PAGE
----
I have found it helpful to take index cards and write on them statement of things going on in my life I want to change and then sort them into piles of “No control” “Some control” “A lot of Control” On back of the cards, write possible responses in each of these situations. You find that even in many situations where you have no control of the situation, you can find a helpful response, even if it to make yourself feel better while you ride it out. In situations where you have more control, you can do more active things.

    I like the idea of a continuum for our lives, our dreams – how much we have control over. The day I apply and tour colleges I have a lot more control over which college I go to than halfway through my education (for example). I like the idea of this being a process – of determining what our dreams are, and readjusting them as life happens. Because life does happen. There’s a certain amount of luck or just the random nature of chaos.

    It doesn’t make sense to suggest that we have NO control over anything – or that we have total control.

    Instead of a dream deferred, I like to think of Joni Mitchell’s Both Sides Now.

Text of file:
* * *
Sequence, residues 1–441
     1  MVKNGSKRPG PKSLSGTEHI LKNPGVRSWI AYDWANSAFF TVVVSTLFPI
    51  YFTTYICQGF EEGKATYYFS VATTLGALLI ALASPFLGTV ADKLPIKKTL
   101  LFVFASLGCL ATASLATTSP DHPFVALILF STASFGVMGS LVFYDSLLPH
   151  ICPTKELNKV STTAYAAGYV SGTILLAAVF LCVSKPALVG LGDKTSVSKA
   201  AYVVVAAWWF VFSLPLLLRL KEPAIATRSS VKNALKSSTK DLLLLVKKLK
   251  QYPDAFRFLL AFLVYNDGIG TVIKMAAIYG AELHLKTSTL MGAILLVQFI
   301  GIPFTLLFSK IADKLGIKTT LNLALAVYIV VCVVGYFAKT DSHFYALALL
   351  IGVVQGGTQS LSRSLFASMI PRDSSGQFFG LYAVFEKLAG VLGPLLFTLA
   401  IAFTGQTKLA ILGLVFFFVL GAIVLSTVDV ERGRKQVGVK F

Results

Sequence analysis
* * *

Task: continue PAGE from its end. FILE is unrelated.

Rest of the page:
Tears and fears and feeling proud
    To say I love you right out loud
    Dreams and schemes and circus crowds
    I’ve looked at life that way

    But now old friends are acting strange
    They shake their heads, they say I’ve changed
    Well somethings lost, but somethings gained
    In living every day

    I’ve looked at life from both sides now
    From win and lose and still somehow
    It’s lifes illusions I recall
    I really dont know life at all

    I don’t know, it is sort of ambiguous – but I like the song because so much of life and love is a mixture – it’s not black and white.

  13. My mentor at school has been telling me, “don’t should on yourself”, something I’m slowly learning to do. I think it’s generally the case that one doesn’t even get to law school without being an overachiever who expects nothing less than excellence from oneself. Which can lead to heartache. I wish you well in whatever it is that you choose to do and I encourage you to reach high, regardless of your expectations.

  14. John…I’ve found that lowering expectations is one of my coping mechanisms. Certainly, it is one of the things that got me through my mother’s illness and passing. Not any lowering of expectations for the outcome of my mother’s illness – after a certain point, there was no question of what that outcome would eventually be. Often, to quote Tom Petty, “the waiting is the hardest part.” Rather, it was a lowering of expectations for myself and what I could or could not do in regards to my mother’s illness specifically as well as regarding my life in general. That was difficult for me, because I have a history of being kind of a control freak.